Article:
Like a “Turkey,” I Risked Frostbite on Thanksgiving

(via New York Cycle Club on Facebook.)

Giving thanks for cycling. (via Facebook.)

Yesterday was Thanksgiving Day, and it was another year that I didn’t see any family. Since everyone reminds you to be thankful for what you have, I professed my gratitude for this year’s bountiful harvest our global, just-in-time food supply system that made possible a huge Thanksgiving feast and days of leftovers.

Last night’s feast was actually my third Thanksgiving dinner of the month. A few friends in Long Island City hosted a dinner for friends two weeks ago. We continued our tradition of observing the annual Fake Thanksgiving dinner in Kentucky. And, of course, there was last night’s huge feast. All those dinners lead to a lot of surplus calories!

Thankfully, the skies were clear and the roads were dry enough for a bike ride to Piermont to make room for this third Thanksgiving dinner. Early in the week, our region hosted a big storm that wreaked havoc out west. By Thursday, however, the storm had passed and left us with a cold and windy but sunny day.

Turkey Day to Piermont

In New York City cycling terms, riding to Piermont on Route 9W is almost as routine as riding in circles around Central Park. It’s a fine ride the first twenty times you do it, but it gets boring after that. However, it’s a great ride to do on Thanksgiving morning. You’ll get about fifty miles of riding, which for me burns about 2,500 calories. You get done in about four to five hours, leaving plenty of time for a snack and a shower before indulging and passing out for the day. And the best argument for riding to Piermont is that the Community Market is open on Thanksgiving Day.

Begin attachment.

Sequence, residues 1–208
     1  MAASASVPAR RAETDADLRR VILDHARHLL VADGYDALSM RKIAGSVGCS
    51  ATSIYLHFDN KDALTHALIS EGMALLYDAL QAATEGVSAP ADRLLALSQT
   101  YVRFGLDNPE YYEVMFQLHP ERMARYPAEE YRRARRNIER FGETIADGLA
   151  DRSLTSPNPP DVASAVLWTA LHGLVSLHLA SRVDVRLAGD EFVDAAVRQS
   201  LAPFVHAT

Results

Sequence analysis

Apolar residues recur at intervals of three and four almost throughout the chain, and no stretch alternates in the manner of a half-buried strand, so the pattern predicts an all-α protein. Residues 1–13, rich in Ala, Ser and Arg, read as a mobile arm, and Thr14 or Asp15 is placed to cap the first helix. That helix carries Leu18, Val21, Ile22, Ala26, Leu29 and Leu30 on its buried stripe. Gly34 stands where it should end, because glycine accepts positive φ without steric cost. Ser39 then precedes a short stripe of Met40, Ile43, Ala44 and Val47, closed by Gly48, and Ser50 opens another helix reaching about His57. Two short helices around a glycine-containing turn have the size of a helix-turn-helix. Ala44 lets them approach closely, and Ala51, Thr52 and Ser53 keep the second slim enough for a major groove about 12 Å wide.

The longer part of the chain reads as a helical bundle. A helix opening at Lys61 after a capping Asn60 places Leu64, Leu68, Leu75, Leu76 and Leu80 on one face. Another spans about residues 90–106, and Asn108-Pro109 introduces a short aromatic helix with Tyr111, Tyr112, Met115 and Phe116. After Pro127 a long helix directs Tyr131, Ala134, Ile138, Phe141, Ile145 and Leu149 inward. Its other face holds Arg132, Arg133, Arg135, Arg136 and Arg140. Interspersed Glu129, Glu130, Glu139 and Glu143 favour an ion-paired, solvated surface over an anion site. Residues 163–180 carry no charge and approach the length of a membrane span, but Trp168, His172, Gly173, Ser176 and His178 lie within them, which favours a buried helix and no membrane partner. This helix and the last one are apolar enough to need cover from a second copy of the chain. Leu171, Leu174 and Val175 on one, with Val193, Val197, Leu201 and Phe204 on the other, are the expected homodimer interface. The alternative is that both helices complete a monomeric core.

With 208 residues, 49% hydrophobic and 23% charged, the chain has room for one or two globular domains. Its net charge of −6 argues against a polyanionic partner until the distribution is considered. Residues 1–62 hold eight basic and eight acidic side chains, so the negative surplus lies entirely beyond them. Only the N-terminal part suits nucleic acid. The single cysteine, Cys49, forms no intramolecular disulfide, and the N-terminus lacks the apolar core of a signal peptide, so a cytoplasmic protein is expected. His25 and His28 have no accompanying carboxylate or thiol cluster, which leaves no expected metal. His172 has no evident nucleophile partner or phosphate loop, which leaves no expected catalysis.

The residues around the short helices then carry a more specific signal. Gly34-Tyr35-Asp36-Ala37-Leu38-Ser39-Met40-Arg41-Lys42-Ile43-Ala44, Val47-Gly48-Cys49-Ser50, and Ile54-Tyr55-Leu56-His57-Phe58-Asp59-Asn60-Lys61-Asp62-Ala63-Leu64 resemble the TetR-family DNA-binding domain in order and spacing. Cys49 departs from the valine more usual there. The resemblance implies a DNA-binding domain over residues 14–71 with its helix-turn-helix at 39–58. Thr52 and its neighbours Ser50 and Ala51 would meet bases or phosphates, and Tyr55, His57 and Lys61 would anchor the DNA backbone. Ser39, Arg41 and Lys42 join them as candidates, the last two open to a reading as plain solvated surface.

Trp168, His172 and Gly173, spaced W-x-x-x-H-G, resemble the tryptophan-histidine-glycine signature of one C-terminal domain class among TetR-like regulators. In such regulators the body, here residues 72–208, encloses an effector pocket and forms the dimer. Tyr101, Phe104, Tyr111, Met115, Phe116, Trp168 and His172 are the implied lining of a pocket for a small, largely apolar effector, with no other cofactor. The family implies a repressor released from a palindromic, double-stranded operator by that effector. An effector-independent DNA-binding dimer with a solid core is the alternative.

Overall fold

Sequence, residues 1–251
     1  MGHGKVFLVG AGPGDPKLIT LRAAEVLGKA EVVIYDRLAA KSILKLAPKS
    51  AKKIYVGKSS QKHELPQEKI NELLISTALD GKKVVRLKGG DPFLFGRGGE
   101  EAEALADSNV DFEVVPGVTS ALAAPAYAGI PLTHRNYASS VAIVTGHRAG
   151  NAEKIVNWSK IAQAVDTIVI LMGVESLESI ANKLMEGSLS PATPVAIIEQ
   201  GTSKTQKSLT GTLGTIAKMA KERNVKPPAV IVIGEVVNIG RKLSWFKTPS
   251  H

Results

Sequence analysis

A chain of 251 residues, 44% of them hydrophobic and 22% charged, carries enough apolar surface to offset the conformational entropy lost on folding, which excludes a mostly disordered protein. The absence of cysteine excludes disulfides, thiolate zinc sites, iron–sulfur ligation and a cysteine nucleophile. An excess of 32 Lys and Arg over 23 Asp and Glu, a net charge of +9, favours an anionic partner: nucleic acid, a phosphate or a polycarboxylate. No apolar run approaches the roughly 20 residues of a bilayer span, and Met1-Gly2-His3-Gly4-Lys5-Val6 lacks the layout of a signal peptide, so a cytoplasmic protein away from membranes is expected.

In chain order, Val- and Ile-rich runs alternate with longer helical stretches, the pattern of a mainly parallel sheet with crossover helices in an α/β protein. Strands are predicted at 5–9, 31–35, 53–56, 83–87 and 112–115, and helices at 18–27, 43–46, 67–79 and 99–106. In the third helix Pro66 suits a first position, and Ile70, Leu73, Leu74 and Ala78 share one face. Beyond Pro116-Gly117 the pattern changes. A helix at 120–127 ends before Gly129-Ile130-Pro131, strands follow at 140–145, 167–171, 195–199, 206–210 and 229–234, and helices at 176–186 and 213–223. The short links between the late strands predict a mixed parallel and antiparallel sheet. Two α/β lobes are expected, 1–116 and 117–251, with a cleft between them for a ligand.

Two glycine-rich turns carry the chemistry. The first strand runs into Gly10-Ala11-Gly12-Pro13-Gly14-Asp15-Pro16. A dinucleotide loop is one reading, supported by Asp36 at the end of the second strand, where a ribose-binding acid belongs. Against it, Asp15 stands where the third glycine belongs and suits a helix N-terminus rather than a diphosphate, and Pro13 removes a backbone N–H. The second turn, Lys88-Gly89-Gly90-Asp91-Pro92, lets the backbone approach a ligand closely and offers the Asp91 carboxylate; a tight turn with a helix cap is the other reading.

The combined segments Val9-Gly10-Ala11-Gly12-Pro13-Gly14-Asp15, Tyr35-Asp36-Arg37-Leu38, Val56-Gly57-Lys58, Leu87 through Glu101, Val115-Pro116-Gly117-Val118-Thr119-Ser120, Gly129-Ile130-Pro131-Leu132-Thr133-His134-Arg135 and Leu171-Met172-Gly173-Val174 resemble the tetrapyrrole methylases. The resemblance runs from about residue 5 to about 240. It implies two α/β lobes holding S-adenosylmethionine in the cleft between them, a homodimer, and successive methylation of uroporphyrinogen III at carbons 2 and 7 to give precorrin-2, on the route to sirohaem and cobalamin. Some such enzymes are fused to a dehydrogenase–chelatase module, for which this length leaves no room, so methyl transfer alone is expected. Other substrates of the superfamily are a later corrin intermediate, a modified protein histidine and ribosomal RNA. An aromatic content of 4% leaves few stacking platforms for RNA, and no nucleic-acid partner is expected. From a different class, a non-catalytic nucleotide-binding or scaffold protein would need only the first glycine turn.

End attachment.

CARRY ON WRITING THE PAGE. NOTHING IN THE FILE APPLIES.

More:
Our group of nine riders braved the cold and some isolated patches of ice in the name of caloric balance. When we started in the morning, it was a brisk 30°. The 14 mph wind made is seem like it was 20°, but if that’s if you’re standing still. Because we faced that wind for our entire ride to Piermont, it was like adding another 15–18 mph to that headwind. I don’t even want to think about what the “wind chill” was.

Our riding group at the Piermont Community Market. The photo is blurry probably because the photographer was shivering.

Our riding group at the Piermont Community Market. The photo is blurry probably because the photographer was shivering.

The challenge to riding in cold weather is remembering to drink. When it’s that cold and your water bottles are close to freezing, the last thing you want to do is take a sip. But you have to keep hydrated, otherwise, you’ll cramp up and die. The same is true when it’s hot, but in that situation you’re faced with a different challenge: remembering to eat.

After gulping some room temperature water and devouring an egg and cheese sandwich at the market, we all began the trek back to the city. Gettting going was tough. My fingers were instantly numbed by the wind, and I began shivering. The magic of Thanksgiving however put a nice climb ahead of us, and with that, I was warmed up and stopped shivering. We also had a nice tail wind for most of the route, which was welcomed because it was not a bone-chilling head wind.

32.5 Miles Until I "Earn That Turkey"

Another reason I rode yesterday was because I signed up for this silly Earn That Turkey Challenge put on by Ride with GPS and needed some miles. Even with the eighty-mile New Haven ride (77 miles) and yesterday’s Turkey ride (53 mile), I still need another 32.5 miles to finish 200 between November 11 and the end of the month.

It looks like I’ll be riding tomorrow to get that silly 200-mile badge.

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